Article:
By TIM ROWDEN
Service Employees International Union (SEIU) Local 1 Vice President Nancy Cross and Jamala Rogers, author and president emeritus of the Organization for Black Struggle, were honored at the Coalition of Black Trade Unionists’ 30th Annual Ernest and De Verne Calloway Awards Banquet Oct. 22 at the Marriott Grand Hotel in St. Louis.
The annual awards are given in honor and memory of Ernest and De Verne Calloway, former director of education for Teamsters Local 688 and his wife De Verne Calloway, who was the first female African-American state representative elected to the Missouri Legislature.
Cross was honored for outstanding leadership in the St Louis Labor and political community and advocacy for racial and social justice issues.
Rogers was recognized for her lifelong support for local and national criminal justice reform and advocacy for labor, civil and human rights around the world.
Cross is vice president for SEIU Local 1 in Missouri, representing a diverse group of 8,000 workers in the region. A Massachusetts native, she has been working in Missouri for the past 12 years and has been instrumental in many legislative and ballot initiative fights and efforts to benefit low-wage workers. These include fighting so-called “right-to-work” and paycheck deception bills, improving access to public transit, raising the minimum wage and attempting to cap payday lending interest rates.
As a Labor leader, Cross has been key to building Labor community alliances.
Cross is a member of the National SEIU Racial Justice Task Force, a former member of Board of Eastern Legal Services and currently sits on the boards of United Way, Missouri Jobs with Justice Statewide Board, Citizens for Modern Transit and the St. Louis Labor Council.
The award recognizes her for her union leadership and her invaluable commitment to low-wage workers and the Fight for $15 and for building women, Labor, community and faith alliances to serve as a force against racism, repression and economic inequality.
Mike Murphy, a union representative and organizer for SEIU Local 1 noted that Cross was listed in the Missouri Times’ 2015 list of the 100+ List for public policy process as “One of the most powerful voices in Labor and Democratic politics,” quoting the Missouri Times.
“Nancy exemplifies what is good in the fight for those who are held down or oppressed,” Murphy said.
Ashli Bolden, Missouri statewide organizer for Jobs with Justice said, “Like the Calloways, Nancy fights for workers’ rights, women’s rights, civil rights and is very deserving of this award.”
Cross was humble in accepting the award.
“I’m not used to being recognized this way, and I don’t’ do it to be recognized,” she said. “I really want to say that this is a different St. Louis when we all retire and leave and go our separate ways.”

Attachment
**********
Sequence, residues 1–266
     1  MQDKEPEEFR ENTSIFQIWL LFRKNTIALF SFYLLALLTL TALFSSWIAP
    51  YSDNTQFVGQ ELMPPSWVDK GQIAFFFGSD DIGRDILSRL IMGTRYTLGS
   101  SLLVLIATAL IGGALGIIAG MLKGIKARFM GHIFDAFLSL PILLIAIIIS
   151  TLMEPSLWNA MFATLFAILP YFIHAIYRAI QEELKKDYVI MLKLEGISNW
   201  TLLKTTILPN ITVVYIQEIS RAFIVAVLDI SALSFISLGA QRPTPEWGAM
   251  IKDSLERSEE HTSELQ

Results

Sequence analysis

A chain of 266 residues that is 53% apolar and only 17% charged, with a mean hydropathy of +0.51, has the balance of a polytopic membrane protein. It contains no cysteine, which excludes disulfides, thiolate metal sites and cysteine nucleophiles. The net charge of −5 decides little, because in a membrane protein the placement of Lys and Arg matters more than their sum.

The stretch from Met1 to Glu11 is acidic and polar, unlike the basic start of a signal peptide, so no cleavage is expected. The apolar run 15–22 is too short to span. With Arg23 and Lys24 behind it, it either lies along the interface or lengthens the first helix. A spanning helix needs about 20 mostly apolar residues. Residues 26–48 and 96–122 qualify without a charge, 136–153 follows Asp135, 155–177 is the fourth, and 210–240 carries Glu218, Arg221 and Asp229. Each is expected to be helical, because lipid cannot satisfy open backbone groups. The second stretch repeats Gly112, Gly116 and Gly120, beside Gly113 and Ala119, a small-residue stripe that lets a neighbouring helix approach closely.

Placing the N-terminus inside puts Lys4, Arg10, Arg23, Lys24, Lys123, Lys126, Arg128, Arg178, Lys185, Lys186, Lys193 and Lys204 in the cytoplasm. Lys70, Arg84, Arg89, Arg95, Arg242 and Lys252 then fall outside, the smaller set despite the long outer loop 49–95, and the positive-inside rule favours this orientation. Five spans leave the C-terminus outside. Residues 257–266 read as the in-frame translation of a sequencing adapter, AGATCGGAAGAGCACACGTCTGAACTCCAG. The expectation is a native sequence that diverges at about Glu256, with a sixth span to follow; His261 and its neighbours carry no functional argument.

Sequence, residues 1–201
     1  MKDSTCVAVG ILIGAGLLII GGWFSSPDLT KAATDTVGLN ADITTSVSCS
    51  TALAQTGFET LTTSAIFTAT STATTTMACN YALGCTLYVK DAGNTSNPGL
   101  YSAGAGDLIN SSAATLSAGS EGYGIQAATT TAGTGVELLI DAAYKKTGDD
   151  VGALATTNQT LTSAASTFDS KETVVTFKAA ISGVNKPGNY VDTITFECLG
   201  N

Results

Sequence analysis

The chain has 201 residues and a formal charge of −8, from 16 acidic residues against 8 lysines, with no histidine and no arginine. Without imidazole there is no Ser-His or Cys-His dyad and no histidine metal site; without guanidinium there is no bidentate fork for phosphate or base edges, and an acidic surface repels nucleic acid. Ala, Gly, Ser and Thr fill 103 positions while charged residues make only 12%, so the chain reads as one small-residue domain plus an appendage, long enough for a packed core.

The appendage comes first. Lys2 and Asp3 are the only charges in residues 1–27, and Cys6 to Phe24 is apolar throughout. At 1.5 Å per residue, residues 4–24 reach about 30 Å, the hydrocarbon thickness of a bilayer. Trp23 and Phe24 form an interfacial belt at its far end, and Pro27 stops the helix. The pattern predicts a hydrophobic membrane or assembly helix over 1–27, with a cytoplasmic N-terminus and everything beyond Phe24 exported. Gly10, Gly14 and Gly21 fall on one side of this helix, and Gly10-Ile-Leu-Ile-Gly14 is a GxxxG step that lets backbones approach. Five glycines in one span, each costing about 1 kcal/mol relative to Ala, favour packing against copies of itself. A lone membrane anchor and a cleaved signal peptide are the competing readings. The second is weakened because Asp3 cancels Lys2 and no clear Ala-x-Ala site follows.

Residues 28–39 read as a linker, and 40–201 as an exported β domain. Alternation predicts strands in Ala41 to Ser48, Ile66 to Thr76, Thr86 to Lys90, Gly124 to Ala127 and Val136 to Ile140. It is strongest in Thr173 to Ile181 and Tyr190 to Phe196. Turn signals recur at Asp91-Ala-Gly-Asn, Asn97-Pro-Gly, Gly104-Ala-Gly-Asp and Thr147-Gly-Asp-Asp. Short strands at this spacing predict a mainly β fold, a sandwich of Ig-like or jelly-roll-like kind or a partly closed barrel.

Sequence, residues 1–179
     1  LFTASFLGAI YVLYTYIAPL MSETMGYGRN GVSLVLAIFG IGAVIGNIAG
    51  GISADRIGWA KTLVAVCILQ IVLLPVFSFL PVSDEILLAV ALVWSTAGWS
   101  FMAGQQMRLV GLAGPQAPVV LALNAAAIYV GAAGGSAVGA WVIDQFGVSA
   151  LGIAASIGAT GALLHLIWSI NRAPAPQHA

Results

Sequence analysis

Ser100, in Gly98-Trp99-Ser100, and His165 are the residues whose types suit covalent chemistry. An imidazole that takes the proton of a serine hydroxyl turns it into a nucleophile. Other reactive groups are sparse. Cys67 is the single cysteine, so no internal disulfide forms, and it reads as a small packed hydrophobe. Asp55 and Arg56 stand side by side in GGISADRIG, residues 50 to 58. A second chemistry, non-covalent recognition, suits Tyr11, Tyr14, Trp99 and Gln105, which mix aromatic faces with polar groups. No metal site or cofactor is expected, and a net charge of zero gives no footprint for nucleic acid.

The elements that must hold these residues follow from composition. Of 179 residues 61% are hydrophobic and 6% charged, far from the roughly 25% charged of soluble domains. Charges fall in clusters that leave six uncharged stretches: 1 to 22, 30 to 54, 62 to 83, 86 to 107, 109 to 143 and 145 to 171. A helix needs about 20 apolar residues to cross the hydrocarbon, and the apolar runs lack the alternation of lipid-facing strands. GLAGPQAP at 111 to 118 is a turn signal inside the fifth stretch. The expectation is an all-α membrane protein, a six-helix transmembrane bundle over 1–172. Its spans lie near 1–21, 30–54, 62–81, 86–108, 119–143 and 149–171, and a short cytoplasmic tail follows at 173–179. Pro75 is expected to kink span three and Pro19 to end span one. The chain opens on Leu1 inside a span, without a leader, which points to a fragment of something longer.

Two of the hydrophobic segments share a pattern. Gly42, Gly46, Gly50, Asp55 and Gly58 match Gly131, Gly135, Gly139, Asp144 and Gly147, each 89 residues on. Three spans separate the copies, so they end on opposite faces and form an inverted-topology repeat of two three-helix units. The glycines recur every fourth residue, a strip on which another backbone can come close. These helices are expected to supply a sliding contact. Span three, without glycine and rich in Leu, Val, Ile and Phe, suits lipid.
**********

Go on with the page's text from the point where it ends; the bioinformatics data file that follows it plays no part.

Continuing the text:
Cross said the award was especially meaningful coming from CBTU.
“I especially like being in this room because I really believe that everybody in this room has similar values to me,” Cross said. “This is much more appreciated when I’m with my peers than when I’m with different type of people that are not all of you that have been fighting in the trenches with me since I came here in 2004. This award is really for all of you for all the help you’ve given me.”
Rogers is a long-time organizer with deep roots in the Black Liberation Movement. She has focused much of her work on addressing structural racism and economic injustices. She is a founding member of the Organization for Black Struggle, the Youth Council for Positive Development, the Coalition Against Police Crimes & Repression, the Justice Institute and the St. Louis Coalition for Human Rights.
She is also deeply involved in women’s rights and criminal justice reform, is a long-time champion of the rights of workers and an ardent supporter of the Fight for $15. She is a member of Jobs with Justice’s Workers Rights Board.
Rogers will be the first African American and female fellow in the Activist-in-Residence program at the University of Wisconsin-Madison in 2017.
The award recognizes her for 50 years of front-line fighting against structural racism and economic injustices, criminal justice reform and her lifelong commitment to black liberation, peace, women’s rights and workers’ rights.
Rogers said she was deeply moved to receive the award named for two people she so admired.
Holly Roe, Organization for Black Struggle member and organizer for CWA 6355 spoke of joining the Organization for Black Struggle and going on a retreat where Rogers gave this advice “‘Be weary, but don’t give out.’
“Jamala’s passionate body of work and incessant activism is speaking truth to power under any circumstance serves as an exemplary blue print for becoming deeply powerful and living,” Roe said.
Nikia Paulette, of the Organization for Black Struggle, spoke of Rogers’ courageous leadership, saying, “If you know her then you know that she is an unapologetic and fearless leader. She leads by example and takes deep pride in her work. Jamala has touched many lives with her countless contributions to social justice and grass roots organizing…. She taught me that the fight for liberation is not a sprint but a marathon. You must be committed to the work if you want to see transformation in policy and the hearts and minds of the masses. She believes that we all have the power to create the change that we want to see.”